All hands on deck. That’s what happens in a small company when you are launching a big, new audacious feature that no one has ever done before.
This is what our company Listenwise did recently when we created the first of its kind multiple choice auto-graded listening quiz. There has never been an online listening quiz that gives teachers the power to assess and track listening skills.
This assessment has been in development for two years. First, we partnered with a cognitive scientist at the Massachusetts General Hospital to study and learn more about what makes up the key elements of listening. As an expert in reading comprehension, Dr. Tiffany Hogan has done foundational research on how reading and listening are closely tied.
We wondered, “What can we learn from reading research and apply it to listening?” This question–and its answer–has served as the foundation of our listening assessment.
Creating a Listening Assessment Tool
Our curriculum team established a listening skills matrix to identify the key elements of listening we wanted to assess and how they align to the Common Core. Currently the Smarter Balanced Assessment Consortium tests listening as part of the English language arts portion of the test. Listening is optional in the Partnership for Assessment of Readiness for College and Careers, or PARCC, tests.
Just like reading, listening has many different aspects. You may have a student who can answer literal recall questions but can’t really synthesize the main idea. Or perhaps you’ll discover a very strong student isn’t able to make inferences. But how would you discover that without the right assessments? We identified how we could test strategic listening, precise listening and critical listening as discrete skills.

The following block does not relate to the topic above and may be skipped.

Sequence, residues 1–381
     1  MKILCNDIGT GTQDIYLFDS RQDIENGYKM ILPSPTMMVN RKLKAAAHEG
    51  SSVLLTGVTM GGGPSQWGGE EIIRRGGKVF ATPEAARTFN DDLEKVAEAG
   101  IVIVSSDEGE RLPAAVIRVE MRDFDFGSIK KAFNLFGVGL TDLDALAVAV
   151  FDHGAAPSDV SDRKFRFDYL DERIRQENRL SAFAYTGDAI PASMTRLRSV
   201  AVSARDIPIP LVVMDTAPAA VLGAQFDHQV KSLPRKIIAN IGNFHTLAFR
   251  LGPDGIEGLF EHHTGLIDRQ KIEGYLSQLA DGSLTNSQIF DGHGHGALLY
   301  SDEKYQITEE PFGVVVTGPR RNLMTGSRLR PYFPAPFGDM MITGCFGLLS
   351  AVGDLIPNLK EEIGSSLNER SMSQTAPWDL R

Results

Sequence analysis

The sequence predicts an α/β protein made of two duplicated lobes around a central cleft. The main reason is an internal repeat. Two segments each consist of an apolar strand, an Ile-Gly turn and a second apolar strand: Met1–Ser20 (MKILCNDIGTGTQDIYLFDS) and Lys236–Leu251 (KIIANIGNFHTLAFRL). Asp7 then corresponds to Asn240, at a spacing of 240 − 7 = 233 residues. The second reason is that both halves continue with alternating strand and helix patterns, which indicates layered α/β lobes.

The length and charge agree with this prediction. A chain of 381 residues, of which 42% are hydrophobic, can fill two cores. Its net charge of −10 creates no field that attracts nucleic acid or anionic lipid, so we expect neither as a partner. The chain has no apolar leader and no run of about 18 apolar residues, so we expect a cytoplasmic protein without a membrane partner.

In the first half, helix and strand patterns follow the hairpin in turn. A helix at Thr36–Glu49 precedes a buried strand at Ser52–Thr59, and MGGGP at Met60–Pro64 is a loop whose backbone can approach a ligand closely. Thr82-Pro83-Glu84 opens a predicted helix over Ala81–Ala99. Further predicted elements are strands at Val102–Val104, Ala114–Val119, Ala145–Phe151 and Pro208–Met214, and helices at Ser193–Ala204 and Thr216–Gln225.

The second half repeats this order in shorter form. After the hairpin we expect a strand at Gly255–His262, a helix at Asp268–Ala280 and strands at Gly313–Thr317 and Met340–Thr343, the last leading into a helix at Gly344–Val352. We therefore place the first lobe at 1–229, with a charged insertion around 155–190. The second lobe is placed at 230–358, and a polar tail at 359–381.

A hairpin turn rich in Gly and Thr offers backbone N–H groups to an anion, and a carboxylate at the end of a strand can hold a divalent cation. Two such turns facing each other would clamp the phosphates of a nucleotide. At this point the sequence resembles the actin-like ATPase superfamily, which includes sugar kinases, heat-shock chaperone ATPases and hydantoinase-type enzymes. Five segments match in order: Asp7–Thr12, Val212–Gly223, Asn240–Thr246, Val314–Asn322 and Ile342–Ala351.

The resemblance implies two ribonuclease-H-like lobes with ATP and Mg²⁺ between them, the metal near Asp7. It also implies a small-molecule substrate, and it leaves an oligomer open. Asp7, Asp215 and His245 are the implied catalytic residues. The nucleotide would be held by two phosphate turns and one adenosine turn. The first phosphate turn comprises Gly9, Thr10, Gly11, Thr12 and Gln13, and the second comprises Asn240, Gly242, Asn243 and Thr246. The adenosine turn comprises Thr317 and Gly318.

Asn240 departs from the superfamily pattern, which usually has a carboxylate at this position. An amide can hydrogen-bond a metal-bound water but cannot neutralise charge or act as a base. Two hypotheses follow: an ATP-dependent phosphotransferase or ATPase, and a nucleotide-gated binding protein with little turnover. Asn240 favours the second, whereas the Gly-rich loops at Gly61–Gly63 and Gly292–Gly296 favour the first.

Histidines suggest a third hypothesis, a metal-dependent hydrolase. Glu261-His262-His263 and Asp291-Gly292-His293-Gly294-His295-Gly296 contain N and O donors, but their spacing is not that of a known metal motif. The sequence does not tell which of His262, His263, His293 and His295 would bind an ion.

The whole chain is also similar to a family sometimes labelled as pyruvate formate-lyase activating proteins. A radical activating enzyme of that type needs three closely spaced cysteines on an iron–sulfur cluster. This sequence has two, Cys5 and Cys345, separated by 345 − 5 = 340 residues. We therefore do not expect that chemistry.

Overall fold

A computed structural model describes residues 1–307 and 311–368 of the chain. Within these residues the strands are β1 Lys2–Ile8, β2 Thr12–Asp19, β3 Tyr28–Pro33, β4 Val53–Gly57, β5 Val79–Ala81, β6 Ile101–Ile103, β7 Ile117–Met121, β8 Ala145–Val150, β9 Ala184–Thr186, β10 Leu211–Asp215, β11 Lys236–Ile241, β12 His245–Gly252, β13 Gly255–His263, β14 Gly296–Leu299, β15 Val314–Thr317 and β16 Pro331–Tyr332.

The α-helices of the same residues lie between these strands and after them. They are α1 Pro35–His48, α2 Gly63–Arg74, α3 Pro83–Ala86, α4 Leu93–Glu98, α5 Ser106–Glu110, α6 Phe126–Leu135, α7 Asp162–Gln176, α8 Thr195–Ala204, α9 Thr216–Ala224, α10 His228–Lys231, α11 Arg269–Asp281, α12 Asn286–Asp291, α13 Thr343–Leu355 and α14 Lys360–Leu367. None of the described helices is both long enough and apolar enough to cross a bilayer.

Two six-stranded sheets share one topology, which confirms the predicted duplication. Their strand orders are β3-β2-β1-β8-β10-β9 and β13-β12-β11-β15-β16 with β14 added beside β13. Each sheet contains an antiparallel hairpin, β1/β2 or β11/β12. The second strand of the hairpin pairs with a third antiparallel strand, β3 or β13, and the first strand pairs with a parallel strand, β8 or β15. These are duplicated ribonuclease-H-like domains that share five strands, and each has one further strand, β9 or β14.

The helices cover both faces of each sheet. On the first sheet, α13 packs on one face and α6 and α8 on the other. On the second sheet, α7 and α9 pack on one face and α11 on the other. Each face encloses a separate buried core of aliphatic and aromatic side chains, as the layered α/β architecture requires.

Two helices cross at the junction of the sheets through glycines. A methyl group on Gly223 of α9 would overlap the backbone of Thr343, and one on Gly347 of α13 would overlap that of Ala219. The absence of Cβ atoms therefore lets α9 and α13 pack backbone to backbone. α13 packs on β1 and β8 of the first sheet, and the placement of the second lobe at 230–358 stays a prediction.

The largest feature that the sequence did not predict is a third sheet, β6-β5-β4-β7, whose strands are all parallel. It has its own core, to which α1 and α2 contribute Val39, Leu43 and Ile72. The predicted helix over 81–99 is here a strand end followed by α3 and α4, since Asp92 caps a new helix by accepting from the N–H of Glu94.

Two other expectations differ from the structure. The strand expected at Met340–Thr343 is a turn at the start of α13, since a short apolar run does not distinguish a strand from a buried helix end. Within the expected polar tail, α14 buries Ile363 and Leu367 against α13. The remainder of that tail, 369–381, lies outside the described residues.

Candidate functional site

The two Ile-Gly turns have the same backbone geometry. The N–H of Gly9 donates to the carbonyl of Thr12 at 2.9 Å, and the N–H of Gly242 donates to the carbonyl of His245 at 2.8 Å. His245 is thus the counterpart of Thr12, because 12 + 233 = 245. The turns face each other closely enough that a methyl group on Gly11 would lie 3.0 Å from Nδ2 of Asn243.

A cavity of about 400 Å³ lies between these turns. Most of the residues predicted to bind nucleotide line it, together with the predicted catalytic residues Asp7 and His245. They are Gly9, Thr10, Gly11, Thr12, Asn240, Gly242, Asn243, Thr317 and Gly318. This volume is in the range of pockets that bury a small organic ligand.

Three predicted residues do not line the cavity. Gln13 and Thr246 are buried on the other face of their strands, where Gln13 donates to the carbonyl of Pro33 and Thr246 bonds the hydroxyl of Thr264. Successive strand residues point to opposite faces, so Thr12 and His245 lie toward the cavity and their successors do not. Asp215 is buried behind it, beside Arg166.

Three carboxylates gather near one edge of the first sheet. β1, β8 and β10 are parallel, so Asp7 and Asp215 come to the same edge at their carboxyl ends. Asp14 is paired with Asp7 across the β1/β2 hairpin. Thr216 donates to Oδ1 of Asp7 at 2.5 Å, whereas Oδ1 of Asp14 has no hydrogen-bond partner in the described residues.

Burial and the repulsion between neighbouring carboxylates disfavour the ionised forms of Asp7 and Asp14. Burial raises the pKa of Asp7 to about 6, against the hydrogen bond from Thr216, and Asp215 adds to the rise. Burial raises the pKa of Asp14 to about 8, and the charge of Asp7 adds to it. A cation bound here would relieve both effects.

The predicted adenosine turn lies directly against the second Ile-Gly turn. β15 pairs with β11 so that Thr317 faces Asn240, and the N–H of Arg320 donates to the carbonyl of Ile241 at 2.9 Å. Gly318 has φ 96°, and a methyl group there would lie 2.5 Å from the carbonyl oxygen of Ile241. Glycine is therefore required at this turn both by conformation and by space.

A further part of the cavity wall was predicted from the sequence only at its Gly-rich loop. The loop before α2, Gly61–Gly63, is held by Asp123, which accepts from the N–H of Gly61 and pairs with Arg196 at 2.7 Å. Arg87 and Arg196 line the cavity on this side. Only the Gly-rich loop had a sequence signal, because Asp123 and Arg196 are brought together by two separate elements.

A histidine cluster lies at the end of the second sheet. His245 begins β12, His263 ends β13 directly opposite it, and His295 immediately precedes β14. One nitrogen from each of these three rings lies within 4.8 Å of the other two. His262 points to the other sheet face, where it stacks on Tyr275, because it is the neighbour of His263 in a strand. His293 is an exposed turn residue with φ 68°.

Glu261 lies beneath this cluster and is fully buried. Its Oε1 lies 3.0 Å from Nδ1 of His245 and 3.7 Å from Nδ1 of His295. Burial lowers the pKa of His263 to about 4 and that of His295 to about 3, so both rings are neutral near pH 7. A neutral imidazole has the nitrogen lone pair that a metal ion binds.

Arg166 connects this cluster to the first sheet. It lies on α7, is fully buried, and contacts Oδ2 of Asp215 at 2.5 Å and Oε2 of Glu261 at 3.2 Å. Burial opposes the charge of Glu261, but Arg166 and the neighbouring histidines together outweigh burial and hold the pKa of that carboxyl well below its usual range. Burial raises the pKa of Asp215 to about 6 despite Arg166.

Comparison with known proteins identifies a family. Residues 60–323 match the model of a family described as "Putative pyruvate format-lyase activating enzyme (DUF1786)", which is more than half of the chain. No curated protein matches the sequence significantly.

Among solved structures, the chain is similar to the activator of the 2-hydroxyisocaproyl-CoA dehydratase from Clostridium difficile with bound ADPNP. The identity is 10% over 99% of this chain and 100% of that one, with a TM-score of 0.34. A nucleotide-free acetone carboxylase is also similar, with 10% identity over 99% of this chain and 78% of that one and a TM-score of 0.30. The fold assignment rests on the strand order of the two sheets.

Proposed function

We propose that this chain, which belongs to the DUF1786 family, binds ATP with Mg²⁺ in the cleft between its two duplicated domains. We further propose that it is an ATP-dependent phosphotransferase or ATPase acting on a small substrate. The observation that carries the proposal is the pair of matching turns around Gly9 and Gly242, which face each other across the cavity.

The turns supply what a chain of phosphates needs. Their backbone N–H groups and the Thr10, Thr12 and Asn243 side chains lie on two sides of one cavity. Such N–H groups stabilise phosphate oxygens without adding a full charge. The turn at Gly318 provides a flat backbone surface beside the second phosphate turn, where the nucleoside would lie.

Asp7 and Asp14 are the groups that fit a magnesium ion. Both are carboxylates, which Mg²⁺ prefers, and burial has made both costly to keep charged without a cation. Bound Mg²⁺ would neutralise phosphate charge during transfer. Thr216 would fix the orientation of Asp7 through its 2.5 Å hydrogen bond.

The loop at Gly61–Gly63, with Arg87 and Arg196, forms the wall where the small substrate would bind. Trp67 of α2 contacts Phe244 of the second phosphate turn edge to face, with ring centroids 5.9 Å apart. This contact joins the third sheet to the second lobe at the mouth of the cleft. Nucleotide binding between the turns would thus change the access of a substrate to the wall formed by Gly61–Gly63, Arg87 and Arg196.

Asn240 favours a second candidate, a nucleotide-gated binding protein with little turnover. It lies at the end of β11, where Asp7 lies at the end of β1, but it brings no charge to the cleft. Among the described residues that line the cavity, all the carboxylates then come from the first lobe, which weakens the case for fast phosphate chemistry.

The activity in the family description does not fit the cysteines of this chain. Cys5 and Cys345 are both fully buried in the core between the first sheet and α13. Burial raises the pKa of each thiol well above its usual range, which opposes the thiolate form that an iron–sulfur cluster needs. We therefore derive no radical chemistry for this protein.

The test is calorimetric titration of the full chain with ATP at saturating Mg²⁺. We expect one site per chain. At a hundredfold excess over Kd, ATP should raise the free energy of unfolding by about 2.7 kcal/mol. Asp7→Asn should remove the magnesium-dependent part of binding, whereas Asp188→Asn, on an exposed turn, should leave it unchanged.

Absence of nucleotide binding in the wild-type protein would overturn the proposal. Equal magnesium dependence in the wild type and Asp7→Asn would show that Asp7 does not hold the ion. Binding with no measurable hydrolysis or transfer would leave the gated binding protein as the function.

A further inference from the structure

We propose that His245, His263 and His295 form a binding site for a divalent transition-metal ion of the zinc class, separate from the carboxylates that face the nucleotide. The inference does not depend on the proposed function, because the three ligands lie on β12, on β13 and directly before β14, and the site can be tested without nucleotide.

When we had the matrix ready, we worked with an expert in listening who wrote a textbook on how to improve listening.
But we faced a challenge.
No one had experience writing questions to assess listening. There are many writers who craft questions for reading tests, but because there was no listening test, we were in uncharted territory. We had to hire experienced reading item writers.
A Team Effort in Ed-Tech Product Development
This didn’t go smoothly at first, because we discovered the writers were just reading the text of the audio story and not listening to it to create the quiz questions. The result was some of their questions were not on target. When you listen to something, and hear people’s voices and emphasis, you often take away a different meaning than if you read it.
Then, we had to decide which of our 1000+ NPR stories on our web platform were the most appropriate listening content to use for assessment. Ideally the story would be something that challenges students to think and introduces new, higher-level vocabulary that won’t come up through classroom discussion with peers. We were also looking for a story that allows the student to make inferences, draw conclusions or hear vocabulary in context.
As we built the quizzes we did extensive beta testing, with students, our team and classrooms. We learned a lot from our whole team being a part of the process. It allowed the team to experience the quizzes for themselves, which was great for our sales team who were already talking about the new assessment with potential customers and great for our marketing team to learn how to better promote the quizzes by being so hands-on.
The all-hands-on-deck approach was a learning experience and a team builder. And while it sparked a lot of late nights and extra work, we were in it together.
Now anyone can try it out for themselves and take our free listening quiz. Stretch your listening comprehension skills and see how you do. It doesn’t take long, it’s a 3-minute story followed by five questions. You might be surprised by the outcome!